Author Affiliations: Department of Otolaryngology–Head and Neck Surgery, Philadelphia College of Osteopathic Medicine, Philadelphia, Pennsylvania (Quercetti); Department of Otolaryngology–Head and Neck Surgery, Drexel University College of Medicine, Philadelphia, Pennsylvania (Hu).

1. Hoasjoe DK, Franklin SW, Aarstad RF, Day TA, Stucker FJ. Posterior glottic stenosis mechanism and surgical management. Laryngoscope. 1997;107 (5):675-679.

Corresponding Author: Amanda Hu, MD, FRCSC, Department of Otolaryngology–Head and Neck Surgery, Drexel University College of Medicine, 219 N Broad St, 10th Floor, Philadelphia, PA 19102 ([email protected]). Section Editor: Albert L. Merati, MD. Published Online: December 11, 2014. doi:10.1001/jamaoto.2014.3192. Conflict of Interest Disclosures: None reported.


interarytenoid space without a posterior opening. Progressive involvement between the inferior surface of the arytenoid cartilage and the superior surface of the cricoid cartilage unilaterally leads to type III PGS and bilaterally to type IV PGS.2,7 Presenting signs and symptoms of PGS are fairly nonspecific and include hoarseness, dyspnea, and difficulty on extubation.1 Our patient had bilateral vocal fold immobility on flexible laryngoscopy. It was unclear whether this was a result of neurologic injury or a structural deformity. Laryngeal electromyography allowed for this differentiation.1 There is no standardized treatment regimen for PGS owing to the diversity of this diagnosis. Most of the literature focuses on types II to IV, which require more detailed surgical approaches.1,4,8,9 Meyer and Wolf2 reported on the surgical outcomes from the largest known series of PSG-I cases.2 In this retrospective review of 13 cases, all patients underwent endoscopic surgical intervention. This study concluded that patients with PSG-I had excellent prognosis for decannulation, but a significant proportion can have persistent dysphonia. The carbon dioxide laser has been proven to be a safe and successful operative technique for treatment of PGS.8 For the patient described herein, an endoscopic carbon dioxide laser lysis of the interarytenoid adhesion was performed. Initially, the laser fiber hand piece did not accommodate for the curved angle necessary to reach the posterior adhesion. Finally, a metal suction was bent to the appropriate angle to act as a sheath for the laser fiber, and the posterior scar band was successfully lysed (Figure, C). Patients with PSG-I have good outcomes with simple endoscopic carbon dioxide laser lysis because there is preservation of the posterior mucosa and no deep involvement of the posterior interarytenoid tissues. At the patient’s 1-week postoperative visit, he reported improvement in his voice and resolution of his shortness of breath. Diagnostic flexible laryngoscopy showed greatly improved vocal fold mobility. Laryngeal examination findings have remained stable for the past 2 years.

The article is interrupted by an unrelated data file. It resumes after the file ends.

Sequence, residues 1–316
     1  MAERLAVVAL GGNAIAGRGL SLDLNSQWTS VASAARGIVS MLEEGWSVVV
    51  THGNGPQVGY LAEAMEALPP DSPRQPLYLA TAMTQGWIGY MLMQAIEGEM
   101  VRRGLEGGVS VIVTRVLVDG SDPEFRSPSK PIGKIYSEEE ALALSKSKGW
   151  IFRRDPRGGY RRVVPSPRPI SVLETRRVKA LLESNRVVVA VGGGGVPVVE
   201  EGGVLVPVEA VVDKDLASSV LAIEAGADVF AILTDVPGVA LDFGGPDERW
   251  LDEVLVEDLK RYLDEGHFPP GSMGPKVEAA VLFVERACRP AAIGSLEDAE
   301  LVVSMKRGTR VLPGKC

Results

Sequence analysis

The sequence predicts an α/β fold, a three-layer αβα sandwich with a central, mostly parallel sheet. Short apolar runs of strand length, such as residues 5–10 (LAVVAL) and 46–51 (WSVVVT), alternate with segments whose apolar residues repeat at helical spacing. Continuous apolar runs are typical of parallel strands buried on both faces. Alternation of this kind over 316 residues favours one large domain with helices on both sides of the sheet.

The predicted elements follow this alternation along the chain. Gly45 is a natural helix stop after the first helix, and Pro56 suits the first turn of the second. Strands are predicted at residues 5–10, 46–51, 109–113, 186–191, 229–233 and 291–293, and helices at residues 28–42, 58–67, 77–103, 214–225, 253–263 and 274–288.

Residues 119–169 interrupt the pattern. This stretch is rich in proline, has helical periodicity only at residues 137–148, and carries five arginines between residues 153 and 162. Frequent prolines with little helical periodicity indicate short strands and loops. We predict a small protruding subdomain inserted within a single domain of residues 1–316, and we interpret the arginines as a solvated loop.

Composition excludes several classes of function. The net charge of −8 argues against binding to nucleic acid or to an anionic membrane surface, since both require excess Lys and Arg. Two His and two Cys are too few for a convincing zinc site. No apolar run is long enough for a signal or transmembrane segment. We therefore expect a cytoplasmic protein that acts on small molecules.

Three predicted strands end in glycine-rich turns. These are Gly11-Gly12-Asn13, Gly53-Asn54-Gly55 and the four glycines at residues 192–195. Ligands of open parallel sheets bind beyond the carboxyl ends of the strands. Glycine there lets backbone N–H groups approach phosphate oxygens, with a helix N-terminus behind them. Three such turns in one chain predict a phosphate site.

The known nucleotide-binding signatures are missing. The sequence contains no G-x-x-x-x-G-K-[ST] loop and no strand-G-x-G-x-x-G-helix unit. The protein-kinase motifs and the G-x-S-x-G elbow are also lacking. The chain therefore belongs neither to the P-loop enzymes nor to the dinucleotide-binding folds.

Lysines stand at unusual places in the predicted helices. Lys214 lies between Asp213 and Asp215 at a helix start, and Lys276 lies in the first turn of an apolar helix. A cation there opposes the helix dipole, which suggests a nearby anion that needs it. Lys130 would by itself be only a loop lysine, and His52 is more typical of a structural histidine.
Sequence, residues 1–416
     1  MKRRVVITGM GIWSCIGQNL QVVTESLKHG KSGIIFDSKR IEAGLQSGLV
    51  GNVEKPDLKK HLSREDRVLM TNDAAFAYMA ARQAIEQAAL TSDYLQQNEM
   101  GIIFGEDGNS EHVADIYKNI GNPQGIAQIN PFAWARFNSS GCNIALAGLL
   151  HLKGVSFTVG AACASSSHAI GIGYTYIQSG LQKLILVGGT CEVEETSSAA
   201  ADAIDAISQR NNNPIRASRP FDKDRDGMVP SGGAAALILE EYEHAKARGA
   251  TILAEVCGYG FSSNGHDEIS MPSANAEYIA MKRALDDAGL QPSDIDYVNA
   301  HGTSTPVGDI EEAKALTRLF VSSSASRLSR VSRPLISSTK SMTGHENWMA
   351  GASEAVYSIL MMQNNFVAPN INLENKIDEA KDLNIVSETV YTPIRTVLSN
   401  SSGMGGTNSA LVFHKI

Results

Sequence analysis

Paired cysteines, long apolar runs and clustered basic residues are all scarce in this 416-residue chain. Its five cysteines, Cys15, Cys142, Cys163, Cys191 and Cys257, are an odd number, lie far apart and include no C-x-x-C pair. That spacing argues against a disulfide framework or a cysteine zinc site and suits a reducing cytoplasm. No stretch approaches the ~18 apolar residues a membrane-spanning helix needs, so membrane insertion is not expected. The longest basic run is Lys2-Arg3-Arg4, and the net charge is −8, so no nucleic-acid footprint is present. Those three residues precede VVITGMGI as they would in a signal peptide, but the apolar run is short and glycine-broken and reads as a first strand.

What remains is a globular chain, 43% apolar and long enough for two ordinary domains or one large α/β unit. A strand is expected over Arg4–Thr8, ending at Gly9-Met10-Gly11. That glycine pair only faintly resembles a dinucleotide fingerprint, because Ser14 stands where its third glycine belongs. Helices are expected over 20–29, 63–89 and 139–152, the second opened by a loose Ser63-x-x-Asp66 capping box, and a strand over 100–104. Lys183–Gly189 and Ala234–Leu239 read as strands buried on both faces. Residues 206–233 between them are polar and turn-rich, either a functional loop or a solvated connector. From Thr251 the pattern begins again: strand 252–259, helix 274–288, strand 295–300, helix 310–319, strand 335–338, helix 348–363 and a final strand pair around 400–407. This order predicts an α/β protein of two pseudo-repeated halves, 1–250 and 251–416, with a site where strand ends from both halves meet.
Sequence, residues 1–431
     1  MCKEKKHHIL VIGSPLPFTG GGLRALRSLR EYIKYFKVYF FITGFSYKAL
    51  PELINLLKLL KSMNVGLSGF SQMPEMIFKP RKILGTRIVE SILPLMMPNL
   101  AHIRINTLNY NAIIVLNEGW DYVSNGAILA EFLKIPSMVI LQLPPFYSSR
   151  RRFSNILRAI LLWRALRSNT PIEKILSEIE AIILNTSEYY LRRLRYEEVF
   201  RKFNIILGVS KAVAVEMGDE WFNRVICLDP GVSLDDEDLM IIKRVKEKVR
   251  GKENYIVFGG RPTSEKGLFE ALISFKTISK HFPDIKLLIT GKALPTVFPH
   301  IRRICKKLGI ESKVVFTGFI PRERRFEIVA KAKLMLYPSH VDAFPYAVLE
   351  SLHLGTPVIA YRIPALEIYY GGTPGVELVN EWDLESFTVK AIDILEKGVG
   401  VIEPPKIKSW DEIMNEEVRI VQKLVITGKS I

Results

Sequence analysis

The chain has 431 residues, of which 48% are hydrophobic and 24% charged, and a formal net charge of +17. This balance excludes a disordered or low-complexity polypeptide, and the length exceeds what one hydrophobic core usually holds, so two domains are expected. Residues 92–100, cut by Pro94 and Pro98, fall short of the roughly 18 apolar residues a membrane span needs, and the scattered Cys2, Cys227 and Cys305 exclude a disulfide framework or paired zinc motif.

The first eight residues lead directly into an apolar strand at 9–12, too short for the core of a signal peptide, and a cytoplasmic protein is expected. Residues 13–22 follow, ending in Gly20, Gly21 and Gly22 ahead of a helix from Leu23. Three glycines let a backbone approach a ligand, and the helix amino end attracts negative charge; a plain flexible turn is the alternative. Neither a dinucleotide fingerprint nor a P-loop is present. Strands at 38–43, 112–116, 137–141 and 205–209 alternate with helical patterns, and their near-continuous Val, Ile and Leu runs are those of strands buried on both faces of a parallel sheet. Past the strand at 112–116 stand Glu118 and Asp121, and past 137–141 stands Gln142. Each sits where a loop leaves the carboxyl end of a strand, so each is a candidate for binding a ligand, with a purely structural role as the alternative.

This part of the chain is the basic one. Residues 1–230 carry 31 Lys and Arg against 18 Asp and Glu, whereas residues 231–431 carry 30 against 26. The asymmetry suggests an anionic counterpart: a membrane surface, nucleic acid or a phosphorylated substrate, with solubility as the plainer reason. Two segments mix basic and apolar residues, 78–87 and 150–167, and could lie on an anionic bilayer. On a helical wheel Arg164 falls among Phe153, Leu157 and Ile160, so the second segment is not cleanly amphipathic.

2. Meyer TK, Wolf J. Lysis of interarytenoid synechia (type I posterior glottic stenosis): vocal fold mobility and airway results. Laryngoscope. 2011;121(10):2165-2171. 3. Lundy DS, Casiano RR, Shatz D, Reisberg M, Xue JW. Laryngeal injuries after short- versus long-term intubation. J Voice. 1998;12(3):360-365. 4. Hawkins DB. Glottic and subglottic stenosis from endotracheal intubation. Laryngoscope. 1977;87(3): 339-346.

6. Bogdasarian RS, Olson NR. Posterior glottic laryngeal stenosis. Otolaryngol Head Neck Surg (1979). 1980;88(6):765-772. 7. Rovó L, Venczel K, Torkos A, Majoros V, Sztanó B, Jóri J. Endoscopic arytenoid lateropexy for isolated posterior glottic stenosis. Laryngoscope. 2008;118 (9):1550-1555. 8. Riffat F, Palme CE, Veivers D. Endoscopic treatment of glottic stenosis: a report on the safety and efficacy of CO2 laser. J Laryngol Otol. 2012;126 (5):503-505. 9. Lorenz RR. Adult laryngotracheal stenosis: etiology and surgical management. Curr Opin Otolaryngol Head Neck Surg. 2003;11(6):467-472.

5. Whited RE. A prospective study of laryngotracheal sequelae in long-term intubation. Laryngoscope. 1984;94(3):367-377.

JAMA Otolaryngology–Head & Neck Surgery February 2015 Volume 141, Number 2 (Reprinted)

Copyright 2015 American Medical Association. All rights reserved.

Downloaded From: by a Georgetown University Medical Center User on 05/22/2015

Bilateral vocal fold immobility.

Bilateral vocal fold immobility. - PDF Download Free
106KB Sizes 0 Downloads 13 Views